a wheelchair. We draw alongside and I stare up in awe at this leviathan. The MT Sea Legend is so big it blocks out the sun. Somewhere far above us a deckhand in a white hard hat is stringing out some barbed wire. A gangplank has been lowered to a 45-degree angle, flush alongside the wall of the hull, to let us aboard but it's a moving target, rising and falling with the powerful swell. It's one of those now-or-never moments: Stu, my intelligent hired muscle, crouches in front of me facing away, I lock my hands around his neck and with a violent lunge he launches us both off the boat and onto the shifting bottom step, then powers up the steep gangplank. For him, another ex-marine, this all goes down under "PT" - physical training. My lifeless paralysed feet, encased in sturdy boots, are banging repeatedly against every step. "Sorry about that," grunts Stu through gritted teeth. "It's OK," I reply, "I can't really feel them." By the time we reach the upper deck my wheelchair has miraculously appeared, having been winched up over the side.

I gaze around at the vast expanse of pipes, tubes and machinery. The superstructure is four storeys high, culminating in the distant bridge, which, frankly, might as well be in another country. On the bed in my cabin is a white helmet and fire-resistant gloves, which I'm expected to don in an emergency. There is a single piece of decoration: a poster of American basketball player Nate Robinson, that reads "NBA Slam Dunk Champion". The bridge is spotless and state-of-the-art, with glowing instruments and various officers in clean, pressed uniforms. Far below, a pod of dolphins is surfing through the waves, flying through the air in the fading light. Behind us, the lights of Muscat harbour twinkle on, and ever so slowly the coastline starts to recede. We head down to the mess room for dinner; next door, the off-duty Filipino deckhands are watching videos of cockfighting in Manila. It's too gruesome to watch.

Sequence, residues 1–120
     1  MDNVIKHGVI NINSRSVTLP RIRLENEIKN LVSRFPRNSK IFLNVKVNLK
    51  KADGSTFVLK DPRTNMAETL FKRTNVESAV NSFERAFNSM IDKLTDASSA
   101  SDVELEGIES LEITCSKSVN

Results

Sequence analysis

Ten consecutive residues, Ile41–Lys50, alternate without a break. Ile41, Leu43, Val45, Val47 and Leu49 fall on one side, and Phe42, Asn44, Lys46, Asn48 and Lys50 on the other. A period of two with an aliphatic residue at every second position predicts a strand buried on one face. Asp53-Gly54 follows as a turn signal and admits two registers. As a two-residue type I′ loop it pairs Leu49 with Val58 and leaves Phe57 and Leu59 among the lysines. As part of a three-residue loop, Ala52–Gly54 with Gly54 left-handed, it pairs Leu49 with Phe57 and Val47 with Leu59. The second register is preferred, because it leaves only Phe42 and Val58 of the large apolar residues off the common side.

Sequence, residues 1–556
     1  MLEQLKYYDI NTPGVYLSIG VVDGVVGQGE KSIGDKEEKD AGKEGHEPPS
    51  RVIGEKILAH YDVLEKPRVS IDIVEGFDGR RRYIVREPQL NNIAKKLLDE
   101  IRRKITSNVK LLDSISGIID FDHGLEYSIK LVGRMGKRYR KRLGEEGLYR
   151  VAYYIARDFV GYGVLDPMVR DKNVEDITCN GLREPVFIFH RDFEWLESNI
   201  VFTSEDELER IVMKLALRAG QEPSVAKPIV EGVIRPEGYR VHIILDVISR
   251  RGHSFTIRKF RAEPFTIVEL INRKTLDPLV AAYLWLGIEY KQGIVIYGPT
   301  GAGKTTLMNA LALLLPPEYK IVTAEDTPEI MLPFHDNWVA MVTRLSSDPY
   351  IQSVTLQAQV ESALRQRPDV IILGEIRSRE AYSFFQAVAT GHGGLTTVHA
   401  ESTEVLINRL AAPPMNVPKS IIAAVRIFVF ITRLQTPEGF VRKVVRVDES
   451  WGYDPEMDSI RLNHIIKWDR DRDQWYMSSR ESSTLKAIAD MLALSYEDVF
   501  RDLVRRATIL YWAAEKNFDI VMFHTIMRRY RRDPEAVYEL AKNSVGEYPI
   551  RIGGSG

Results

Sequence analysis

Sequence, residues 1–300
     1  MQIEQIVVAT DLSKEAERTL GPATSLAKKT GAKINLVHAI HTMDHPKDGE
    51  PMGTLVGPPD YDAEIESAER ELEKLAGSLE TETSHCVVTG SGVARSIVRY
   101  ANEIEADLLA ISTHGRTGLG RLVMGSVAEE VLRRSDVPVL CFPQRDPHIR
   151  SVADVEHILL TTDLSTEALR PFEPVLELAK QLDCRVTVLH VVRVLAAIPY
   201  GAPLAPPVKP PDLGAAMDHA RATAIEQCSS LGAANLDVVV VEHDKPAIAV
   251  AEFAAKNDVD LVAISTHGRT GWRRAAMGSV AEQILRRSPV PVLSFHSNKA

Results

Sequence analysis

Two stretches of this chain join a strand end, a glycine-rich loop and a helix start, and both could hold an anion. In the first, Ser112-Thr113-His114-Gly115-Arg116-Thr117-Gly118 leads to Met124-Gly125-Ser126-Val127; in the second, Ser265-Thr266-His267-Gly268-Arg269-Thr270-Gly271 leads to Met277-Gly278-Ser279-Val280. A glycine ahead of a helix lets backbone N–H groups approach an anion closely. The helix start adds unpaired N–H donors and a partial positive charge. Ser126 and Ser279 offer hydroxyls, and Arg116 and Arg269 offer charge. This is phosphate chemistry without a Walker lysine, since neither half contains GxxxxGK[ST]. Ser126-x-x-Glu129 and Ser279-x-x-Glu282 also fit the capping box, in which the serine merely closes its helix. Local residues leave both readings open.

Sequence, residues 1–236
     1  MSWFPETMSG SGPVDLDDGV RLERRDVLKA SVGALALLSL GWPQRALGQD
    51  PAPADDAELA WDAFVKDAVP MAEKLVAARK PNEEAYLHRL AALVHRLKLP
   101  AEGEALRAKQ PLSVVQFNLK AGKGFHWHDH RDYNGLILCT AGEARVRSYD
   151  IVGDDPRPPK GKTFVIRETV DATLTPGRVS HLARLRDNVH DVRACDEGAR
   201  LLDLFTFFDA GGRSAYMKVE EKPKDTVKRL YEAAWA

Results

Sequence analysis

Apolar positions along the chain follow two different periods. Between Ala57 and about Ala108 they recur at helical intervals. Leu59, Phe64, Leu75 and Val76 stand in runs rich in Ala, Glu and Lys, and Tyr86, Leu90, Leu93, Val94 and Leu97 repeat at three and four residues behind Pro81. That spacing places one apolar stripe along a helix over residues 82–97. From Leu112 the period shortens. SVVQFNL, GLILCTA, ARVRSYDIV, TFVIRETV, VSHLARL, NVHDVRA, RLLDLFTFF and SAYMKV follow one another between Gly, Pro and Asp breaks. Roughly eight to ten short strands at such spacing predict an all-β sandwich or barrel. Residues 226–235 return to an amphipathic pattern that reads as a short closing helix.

In the morning, Eassom is pacing the deck with the Indian bosun, ordering extra coils of razor wire to be tied all along the edge of the deck. "We need to protect the stern," he confides, "that's the most vulnerable spot." We all know the razor wire won't stop determined pirates - the first attacker over the side always gets a bigger share of the ransom - but it will slow them down if they get that far and it acts as a deterrent. A rather unconvincing dummy has been placed on the stern, a deckhand's hard hat wedged on top of a post. There are other precautions in place too, like water hoses lined up to spray anyone trying to climb the hull. Next comes a security briefing for the entire crew, the Filipino deck hands listening in their oily grey overalls, many with mullet hairstyles and drooping Fu Manchu moustaches. The Filipinos, along with Indians, have borne the brunt of piracy. Even now, there are some marooned in Somalia, reportedly abandoned by their employers after their ship and its cargo were released for a ransom.

We practise an emergency drill, piling down into the safe room called a "citadel". If pirates do get on board, the entire crew will shelter here and radio for help from NATO, the EU Naval Force, the American fifth fleet or whichever
warships are closest, while the pirates swarm all over the rest of the ship, trying to take control. Navies will usually only come and rescue a crew if every member is safe in the citadel, otherwise they risk facing a human shield scenario.

Up on the bridge, a message has just come in from the control centre that monitors piracy in the region.




As we steam off the far southeast corner of the Arabian Peninsular, skirting the coast of Oman, the team from Neptune Maritime Security in Dorset break out the sniping rifles to check their sights are properly calibrated, a standard drill on day one of any voyage. An empty cardboard box is flung overboard for target practice and they let fly a volley of shots, kicking up plumes of spray far below. "Our aim is simple," says Eassom, "to quickly persuade the pirates that this vessel is not worth attacking.

It's all about putting long-range warning shots into the sea next to the pirates' skiff before they can get in close to fire their AK-47s or, worse still, their RPGs. The pirates don't have long-range weapons and even if they did, they wouldn't have a stable platform from which to take an aimed shot." The only member of the team not to have served in the marines is Ben and he is therefore dubbed a "pongo" - a good-for-nothing; he's been palmed off with a flimsy-looking thing called a "tikka" that resembles a schoolboy's air rifle. The ex-marines keep up a constant banter of jargon. Food is "scran", tea or coffee is "a wet", one's cabin is "a grot" and your bed is "a time machine", but the one I like best is for going sunbathing when a mission is over: "all hands to the bronzing station".